5NTU (Nephelometric turbidity units) or, if disinfection is undertaken, less than 1NTU. In 2016-17, Busselton Water recorded a maximum of 0.6 NTU for its water samples.

How can I pay my account?

There are lots of ways to pay your account. You can pay your account in person at the administration office of Busselton Water, or by post using cheque, money order or online using BPoint, BPay or Direct Debit facilities.

If I don't pay my account will my water service be cut off?

No. Busselton Water by regulation will not cut off water to a dwelling without the consent of the occupier. However under the Water Services Act 2012 Busselton Water will consider inserting a low restriction device within the meter when customers do not respond to requests to pay overdue accounts.  An attendance fee will apply in all cases.  This action will not apply to customers who enter into an approved payment arrangement. If you are having trouble paying your bill please let us know. We’re here to help.

Why do we have to pay two water bills - one to the Water Corporation and one to Busselton Water?

Busselton Water is responsible for supplying drinking water to the community of Busselton and surrounds. Your account from Busselton Water depends on the quantity of water consumed at your property.

The Water Corporation of WA is responsible for providing sewerage services in Busselton. If your property has a reticulated sewerage service, the Water Corporation will charge you a rate based on the value of your property.

I am a pensioner. Do I get a rebate on my water bill?

To receive a rebate under the Rates and Charges (Rebates and Deferments) Act 1992, a customer must be the holder of either a Pension card, issued by Centrelink, a Commonwealth Seniors Health Card or a Western Australian State Seniors card. Customers must also own and reside in the property on which they wish to lodge a claim. Customers cannot register a claim on more than one property and the eligible property must be the principal place of residence.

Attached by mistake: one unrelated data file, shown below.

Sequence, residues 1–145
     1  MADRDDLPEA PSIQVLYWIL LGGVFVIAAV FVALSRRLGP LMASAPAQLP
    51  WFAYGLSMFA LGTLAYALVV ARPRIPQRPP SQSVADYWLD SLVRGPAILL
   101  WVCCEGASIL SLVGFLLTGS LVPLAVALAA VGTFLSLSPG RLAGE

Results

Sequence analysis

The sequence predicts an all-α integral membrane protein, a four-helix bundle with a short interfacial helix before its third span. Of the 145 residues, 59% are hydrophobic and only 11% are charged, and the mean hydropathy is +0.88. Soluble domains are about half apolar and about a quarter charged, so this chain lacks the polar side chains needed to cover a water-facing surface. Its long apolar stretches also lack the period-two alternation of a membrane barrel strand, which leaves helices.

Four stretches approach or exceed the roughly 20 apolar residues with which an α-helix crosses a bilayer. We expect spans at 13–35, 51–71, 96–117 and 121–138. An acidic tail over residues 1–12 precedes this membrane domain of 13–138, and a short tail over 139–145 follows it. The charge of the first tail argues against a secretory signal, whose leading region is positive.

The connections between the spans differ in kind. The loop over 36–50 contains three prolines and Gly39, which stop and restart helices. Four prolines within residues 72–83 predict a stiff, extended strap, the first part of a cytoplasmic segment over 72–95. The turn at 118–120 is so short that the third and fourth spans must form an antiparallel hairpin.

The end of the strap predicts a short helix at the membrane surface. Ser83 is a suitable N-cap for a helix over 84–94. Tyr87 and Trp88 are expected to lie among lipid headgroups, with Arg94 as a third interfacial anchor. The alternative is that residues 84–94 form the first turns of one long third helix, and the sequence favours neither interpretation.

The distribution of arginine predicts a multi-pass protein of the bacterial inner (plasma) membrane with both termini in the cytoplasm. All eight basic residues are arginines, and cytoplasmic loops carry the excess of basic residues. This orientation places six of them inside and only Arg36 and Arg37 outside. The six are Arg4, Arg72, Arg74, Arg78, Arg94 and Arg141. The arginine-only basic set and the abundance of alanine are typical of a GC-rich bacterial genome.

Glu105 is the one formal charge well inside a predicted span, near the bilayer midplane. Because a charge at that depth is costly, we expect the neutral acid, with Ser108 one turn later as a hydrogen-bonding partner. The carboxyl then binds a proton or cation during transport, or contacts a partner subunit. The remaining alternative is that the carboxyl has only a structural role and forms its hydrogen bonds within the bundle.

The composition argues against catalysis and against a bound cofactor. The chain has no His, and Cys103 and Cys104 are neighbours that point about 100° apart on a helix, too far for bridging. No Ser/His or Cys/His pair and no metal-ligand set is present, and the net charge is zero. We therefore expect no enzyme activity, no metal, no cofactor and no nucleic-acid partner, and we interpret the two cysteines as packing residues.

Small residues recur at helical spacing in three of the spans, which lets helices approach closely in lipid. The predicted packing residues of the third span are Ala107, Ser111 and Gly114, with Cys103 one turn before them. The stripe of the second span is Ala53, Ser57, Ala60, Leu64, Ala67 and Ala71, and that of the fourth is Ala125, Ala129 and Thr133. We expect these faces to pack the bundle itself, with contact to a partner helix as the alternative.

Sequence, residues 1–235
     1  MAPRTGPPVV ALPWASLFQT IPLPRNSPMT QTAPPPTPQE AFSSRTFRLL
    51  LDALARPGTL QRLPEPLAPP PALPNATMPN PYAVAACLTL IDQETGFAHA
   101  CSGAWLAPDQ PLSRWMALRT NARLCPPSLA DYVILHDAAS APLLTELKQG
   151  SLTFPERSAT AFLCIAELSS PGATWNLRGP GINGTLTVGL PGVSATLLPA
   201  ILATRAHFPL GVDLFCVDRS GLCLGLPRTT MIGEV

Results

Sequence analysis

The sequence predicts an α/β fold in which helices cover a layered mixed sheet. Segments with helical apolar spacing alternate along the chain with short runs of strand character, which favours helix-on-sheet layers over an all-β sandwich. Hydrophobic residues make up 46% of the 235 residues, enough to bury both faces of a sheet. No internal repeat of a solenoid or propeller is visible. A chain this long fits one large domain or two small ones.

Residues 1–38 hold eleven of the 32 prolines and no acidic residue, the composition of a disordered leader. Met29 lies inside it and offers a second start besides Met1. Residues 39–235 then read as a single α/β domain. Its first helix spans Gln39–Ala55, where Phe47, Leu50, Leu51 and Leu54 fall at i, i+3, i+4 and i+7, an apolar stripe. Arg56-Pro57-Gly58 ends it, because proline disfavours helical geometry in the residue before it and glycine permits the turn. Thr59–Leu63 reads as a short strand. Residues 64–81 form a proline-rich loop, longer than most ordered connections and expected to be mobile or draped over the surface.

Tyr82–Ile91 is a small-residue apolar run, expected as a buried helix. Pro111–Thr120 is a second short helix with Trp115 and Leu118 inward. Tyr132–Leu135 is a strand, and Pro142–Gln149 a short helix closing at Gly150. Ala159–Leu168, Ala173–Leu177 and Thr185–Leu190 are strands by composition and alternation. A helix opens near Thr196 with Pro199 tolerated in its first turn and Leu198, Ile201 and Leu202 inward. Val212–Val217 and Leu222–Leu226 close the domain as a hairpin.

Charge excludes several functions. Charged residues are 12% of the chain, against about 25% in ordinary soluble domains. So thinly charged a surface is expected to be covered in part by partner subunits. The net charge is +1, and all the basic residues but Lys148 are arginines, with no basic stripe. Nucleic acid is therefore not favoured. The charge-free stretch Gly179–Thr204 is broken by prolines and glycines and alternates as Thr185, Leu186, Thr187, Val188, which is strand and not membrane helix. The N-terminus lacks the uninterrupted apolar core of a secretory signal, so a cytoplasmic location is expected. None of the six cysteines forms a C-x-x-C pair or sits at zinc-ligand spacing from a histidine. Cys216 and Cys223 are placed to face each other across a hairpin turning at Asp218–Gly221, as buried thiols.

How does Busselton Water know how much water I’ve used?

All Busselton Water customers currently use smart meters. These meters calculate how much water has been used on a property and provides readings to Busselton Water remotely. To find out more about what a smart water meter is and how they work please read our smart meter information sheet.

How often does Busselton Water read water meters?

Busselton Water reads water meters every four months, at the beginning of October, February and June. However, special interim readings are done on request for customers or their agents and a charge is payable for this service. Contact us to request a meter reading.

Which part of the water supply system to my property is my responsibility, and which part is Busselton Water’s?

Busselton Water is responsible for maintaining the system from the water main to the meter.  The property owner is responsible for maintaining the system between the meter and the premises.

How can I check to see if there is a leak in my internal pipes?

Read all of the digits on your meter when you have finished using water at night. Read the meter again first thing the next morning. If there is any increase in registration, it would indicate that you have a leak. If you think you have a leak, here is a handy checklist to help you find it.

How much water does my automatic reticulation in my garden use?

To find out how much water a full cycle of reticulation uses, simply read all the digits on your meter immediately before the cycle starts, then read it again at the finish of the cycle.  Deduct the first reading from the second and multiply the result by the number of days you intend running the system to give you a total volume.

Why do I need a Backflow Prevention Device on my water service?

It is an Australian Standard for every water service to be fitted with a suitable device to prevent potentially contaminated water from flowing from your property back into the mains. It is the property owner’s responsibility to ensure backflow prevention devices are fitted.